By Nick Palermo
Ford is lowering the price of its all-electric version of the Focus, cutting the price by $4000 to $35,995. The reduction is further evidence of a price war in the EV market, following the announcement of lower pricing and/or special lease rates for electrics such as the Nissan Leaf, Honda Fit EV, and Fiat 500E, as well as the plug-in hybrid Chevrolet Volt. Ford says the move is intended to make the electric Focus, which is available nationwide, more appealing to customers considering a plug-in vehicle.
The Nissan Leaf is still the most affordable of the aforementioned models, with a starting price of $29,650. It’s also among the most efficient, rated at 115 MPGe in combined city/highway driving. Range for the all-electric Nissan, though, is the lowest in this group at 75 miles. The Focus Electric, by comparison, ekes out one more mile of range despite a lower combined efficiency rating of 105 MPGe.
The $32,600 Fiat 500E is available only in California. The 500E can travel 87 miles on electricity alone and is rated at 116 MPGe combined. The Honda Fit EV, meanwhile, is rated at 118 MPGe combined and has a driving range of 82 miles. It’s priced at $37,415, although it is offered as a lease only. Currently, the Fit EV is available in California, Oregon, New York, New Jersey, Massachusetts, Maryland, Rhode Island, and Connecticut.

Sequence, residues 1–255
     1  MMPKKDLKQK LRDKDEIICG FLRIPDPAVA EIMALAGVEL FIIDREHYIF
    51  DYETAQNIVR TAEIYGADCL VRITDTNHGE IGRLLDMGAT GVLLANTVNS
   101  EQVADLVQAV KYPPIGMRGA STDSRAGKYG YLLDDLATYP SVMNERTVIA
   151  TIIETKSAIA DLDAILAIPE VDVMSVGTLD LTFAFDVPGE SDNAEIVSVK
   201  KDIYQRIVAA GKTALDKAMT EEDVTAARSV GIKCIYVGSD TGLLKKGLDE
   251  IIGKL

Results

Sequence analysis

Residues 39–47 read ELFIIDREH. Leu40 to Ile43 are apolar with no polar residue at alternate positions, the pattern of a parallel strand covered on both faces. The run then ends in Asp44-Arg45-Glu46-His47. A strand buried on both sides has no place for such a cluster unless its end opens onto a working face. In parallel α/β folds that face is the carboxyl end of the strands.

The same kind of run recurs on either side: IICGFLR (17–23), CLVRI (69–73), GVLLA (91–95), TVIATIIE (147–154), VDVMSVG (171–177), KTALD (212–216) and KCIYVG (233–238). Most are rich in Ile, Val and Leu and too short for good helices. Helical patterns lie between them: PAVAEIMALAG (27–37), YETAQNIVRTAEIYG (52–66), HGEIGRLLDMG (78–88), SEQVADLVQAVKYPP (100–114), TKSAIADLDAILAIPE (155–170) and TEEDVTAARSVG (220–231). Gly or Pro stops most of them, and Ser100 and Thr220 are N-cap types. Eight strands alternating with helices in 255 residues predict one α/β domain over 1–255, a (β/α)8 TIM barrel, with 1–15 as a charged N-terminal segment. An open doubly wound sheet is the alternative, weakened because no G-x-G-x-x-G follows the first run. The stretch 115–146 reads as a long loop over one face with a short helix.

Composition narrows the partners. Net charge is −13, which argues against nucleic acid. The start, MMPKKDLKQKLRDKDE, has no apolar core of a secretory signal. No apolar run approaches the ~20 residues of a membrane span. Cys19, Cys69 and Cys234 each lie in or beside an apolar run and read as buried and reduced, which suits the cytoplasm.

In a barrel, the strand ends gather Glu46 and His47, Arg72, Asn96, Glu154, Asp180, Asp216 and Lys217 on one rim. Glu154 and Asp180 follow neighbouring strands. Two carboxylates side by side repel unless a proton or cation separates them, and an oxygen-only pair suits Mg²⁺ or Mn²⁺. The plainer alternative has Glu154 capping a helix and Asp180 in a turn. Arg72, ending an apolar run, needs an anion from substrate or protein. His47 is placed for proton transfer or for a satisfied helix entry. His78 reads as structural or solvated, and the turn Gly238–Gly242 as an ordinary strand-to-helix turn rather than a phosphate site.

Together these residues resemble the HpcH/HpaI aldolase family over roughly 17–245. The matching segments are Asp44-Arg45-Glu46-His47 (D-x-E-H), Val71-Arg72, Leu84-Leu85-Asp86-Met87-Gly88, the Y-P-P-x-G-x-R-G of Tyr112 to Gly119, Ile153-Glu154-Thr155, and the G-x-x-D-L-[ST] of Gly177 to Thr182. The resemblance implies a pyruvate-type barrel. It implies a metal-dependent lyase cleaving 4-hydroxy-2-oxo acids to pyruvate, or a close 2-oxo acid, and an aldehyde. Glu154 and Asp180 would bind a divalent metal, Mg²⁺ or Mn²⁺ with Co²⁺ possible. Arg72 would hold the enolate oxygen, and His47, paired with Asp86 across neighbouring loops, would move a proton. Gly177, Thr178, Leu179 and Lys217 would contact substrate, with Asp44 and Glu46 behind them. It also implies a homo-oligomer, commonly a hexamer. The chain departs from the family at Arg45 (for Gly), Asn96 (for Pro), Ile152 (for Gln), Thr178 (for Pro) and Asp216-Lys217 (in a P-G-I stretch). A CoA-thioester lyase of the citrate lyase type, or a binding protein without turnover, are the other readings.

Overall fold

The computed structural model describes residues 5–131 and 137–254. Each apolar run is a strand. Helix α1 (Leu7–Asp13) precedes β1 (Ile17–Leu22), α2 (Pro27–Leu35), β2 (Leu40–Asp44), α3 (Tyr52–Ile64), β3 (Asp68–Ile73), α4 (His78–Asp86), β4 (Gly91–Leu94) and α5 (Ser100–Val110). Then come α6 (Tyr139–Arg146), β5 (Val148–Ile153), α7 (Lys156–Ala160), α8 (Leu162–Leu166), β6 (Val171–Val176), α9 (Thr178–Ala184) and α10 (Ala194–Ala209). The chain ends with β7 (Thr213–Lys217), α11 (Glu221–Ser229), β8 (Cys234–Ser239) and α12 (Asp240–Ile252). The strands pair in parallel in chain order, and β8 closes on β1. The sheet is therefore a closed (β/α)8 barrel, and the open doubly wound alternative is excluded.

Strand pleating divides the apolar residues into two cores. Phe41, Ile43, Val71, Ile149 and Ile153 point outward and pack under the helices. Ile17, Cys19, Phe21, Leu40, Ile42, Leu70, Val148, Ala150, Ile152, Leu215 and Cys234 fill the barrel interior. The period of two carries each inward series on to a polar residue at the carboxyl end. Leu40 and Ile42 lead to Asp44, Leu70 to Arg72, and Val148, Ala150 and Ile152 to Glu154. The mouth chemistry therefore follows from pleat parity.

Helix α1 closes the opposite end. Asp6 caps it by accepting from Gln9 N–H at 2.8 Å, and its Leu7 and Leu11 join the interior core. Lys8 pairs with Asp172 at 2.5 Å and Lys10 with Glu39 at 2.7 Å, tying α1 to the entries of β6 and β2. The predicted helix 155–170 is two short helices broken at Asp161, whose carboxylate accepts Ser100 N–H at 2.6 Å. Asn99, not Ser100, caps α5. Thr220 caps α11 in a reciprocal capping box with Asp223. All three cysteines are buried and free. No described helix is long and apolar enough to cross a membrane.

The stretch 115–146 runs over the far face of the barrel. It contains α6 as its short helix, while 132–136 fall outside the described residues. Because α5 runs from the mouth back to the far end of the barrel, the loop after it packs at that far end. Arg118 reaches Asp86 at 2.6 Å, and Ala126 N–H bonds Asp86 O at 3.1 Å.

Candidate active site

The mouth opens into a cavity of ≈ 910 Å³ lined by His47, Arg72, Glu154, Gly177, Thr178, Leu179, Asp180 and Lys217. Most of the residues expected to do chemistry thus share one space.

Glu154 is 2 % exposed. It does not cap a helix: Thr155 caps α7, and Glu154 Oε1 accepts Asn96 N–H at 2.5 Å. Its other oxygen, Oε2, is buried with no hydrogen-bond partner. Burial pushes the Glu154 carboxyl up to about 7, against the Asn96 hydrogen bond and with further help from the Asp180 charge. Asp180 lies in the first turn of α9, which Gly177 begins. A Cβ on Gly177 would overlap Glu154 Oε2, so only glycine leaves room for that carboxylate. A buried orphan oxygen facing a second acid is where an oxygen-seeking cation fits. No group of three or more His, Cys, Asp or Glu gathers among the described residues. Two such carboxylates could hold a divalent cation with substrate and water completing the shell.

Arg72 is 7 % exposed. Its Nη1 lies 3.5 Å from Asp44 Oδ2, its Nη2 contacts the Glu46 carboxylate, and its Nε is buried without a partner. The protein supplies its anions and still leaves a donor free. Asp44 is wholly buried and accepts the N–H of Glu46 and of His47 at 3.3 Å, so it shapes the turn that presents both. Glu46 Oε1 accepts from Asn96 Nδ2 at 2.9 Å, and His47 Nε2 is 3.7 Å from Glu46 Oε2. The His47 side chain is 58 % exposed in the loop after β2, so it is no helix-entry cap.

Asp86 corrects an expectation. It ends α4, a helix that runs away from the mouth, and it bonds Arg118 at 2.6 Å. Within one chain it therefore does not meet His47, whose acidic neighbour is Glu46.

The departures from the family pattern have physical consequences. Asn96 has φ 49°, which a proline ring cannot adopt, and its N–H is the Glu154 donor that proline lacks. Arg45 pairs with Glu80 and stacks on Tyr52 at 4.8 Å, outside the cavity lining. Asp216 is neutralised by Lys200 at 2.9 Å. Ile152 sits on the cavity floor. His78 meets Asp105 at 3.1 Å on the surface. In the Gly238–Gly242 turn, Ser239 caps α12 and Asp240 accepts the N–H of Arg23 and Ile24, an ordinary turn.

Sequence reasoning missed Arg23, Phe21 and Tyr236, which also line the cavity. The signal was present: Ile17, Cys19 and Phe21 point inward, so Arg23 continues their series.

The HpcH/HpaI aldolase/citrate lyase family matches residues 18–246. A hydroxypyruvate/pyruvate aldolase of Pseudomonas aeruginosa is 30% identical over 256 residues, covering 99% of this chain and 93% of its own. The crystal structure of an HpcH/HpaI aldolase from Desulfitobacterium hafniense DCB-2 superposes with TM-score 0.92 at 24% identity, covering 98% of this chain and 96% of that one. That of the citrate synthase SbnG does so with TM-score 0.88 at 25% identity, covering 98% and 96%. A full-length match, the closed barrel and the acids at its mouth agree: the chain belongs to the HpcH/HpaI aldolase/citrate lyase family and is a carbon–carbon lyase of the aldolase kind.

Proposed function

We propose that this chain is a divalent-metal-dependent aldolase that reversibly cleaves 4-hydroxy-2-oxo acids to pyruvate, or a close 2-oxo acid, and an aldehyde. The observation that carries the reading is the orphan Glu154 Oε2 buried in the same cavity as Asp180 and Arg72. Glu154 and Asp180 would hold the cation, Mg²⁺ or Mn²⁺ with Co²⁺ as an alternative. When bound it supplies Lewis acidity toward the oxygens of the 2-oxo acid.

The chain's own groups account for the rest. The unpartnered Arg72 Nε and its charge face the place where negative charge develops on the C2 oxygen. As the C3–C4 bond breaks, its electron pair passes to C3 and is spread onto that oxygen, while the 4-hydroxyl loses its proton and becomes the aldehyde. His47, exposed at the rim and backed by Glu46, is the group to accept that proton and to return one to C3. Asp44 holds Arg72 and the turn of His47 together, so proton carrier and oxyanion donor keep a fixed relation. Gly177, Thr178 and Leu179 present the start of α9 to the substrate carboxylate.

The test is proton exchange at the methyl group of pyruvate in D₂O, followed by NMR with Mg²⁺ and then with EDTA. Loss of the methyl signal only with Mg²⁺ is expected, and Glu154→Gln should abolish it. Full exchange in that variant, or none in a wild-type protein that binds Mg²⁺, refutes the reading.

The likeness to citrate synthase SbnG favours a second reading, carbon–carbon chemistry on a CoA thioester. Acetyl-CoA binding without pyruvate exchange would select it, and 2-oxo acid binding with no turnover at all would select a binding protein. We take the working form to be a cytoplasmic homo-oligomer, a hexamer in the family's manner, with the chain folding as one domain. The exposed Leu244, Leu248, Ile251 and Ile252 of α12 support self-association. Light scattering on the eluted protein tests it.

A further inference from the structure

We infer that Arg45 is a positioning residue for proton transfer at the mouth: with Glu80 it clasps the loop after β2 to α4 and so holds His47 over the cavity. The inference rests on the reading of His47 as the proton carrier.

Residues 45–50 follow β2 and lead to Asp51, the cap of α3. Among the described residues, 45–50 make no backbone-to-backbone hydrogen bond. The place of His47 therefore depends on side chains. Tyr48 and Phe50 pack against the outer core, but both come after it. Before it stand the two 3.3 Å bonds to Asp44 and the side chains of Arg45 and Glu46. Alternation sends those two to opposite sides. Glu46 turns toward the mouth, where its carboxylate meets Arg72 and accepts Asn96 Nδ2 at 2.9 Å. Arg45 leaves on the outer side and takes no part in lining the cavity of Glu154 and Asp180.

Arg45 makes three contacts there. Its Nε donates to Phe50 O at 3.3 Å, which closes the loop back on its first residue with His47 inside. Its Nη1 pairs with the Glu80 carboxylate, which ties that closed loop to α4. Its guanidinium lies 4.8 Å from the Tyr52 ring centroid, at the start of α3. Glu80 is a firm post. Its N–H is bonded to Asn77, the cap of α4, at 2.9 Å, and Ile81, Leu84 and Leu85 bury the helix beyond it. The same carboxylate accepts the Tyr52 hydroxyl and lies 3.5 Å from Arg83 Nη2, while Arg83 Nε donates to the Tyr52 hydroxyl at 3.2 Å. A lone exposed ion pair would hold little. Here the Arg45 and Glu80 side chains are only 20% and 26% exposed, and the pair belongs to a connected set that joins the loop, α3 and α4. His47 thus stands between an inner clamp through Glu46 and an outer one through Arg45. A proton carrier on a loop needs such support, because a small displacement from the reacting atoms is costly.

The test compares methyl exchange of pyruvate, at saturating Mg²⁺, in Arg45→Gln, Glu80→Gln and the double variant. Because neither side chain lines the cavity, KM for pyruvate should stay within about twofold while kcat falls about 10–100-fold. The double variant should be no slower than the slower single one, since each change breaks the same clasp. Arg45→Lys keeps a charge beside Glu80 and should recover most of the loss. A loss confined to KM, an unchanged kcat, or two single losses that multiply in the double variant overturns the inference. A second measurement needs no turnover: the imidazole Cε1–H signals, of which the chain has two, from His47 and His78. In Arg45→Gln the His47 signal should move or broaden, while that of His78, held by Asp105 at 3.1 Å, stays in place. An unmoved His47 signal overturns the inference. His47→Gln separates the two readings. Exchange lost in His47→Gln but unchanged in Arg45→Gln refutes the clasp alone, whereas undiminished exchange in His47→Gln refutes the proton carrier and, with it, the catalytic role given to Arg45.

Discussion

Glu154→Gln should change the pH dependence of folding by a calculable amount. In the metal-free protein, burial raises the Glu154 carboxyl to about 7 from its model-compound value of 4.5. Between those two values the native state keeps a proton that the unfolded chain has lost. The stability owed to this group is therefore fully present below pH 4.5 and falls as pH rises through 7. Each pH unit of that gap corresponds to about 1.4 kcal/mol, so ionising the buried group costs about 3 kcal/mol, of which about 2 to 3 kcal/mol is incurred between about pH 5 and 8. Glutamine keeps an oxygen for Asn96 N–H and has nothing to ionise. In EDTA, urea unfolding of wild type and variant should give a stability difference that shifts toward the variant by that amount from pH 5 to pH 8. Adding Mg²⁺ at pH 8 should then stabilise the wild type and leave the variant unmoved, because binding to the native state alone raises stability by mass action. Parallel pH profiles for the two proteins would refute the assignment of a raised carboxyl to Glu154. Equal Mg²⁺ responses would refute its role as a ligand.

The Focus Electric now matches the price of the plug-in hybrid Chevrolet Volt, which is available at $35,995 for cash buyers and $36,995 if it’s leased or financed through Ally Financial or Wells Fargo. And although the Volt relieves so-called range anxiety by backing up its battery power with a gas engine, it has a limited electric-only range of 38 miles. On battery power alone, the Volt is rated at 98 MPGe combined; once the gas engine takes over, combined fuel economy is 37 mpg. Chevy recently added the all-electric Spark EV to its lineup, but smaller and priced at $27,495, The Spark EV is not a direct competitor to the Focus Electric. The Spark EV’s availability remains limited to Oregon and California.
With EVs commanding less than 1 percent of U.S. market share, automakers are anxious to incentivize sales. Ford addresses some of the driving public’s reluctance to go electric with this price drop, and, as with all EVs, the Focus Electric’s price can potentially be even lower when eligible buyers take advantage of any federal, state, and local tax credits and incentives that are available to them. Concerns about range and long-term reliability, however, still remain considerable obstacles for many would-be EV drivers.
Source: FULL ARTICLE at Car & Driver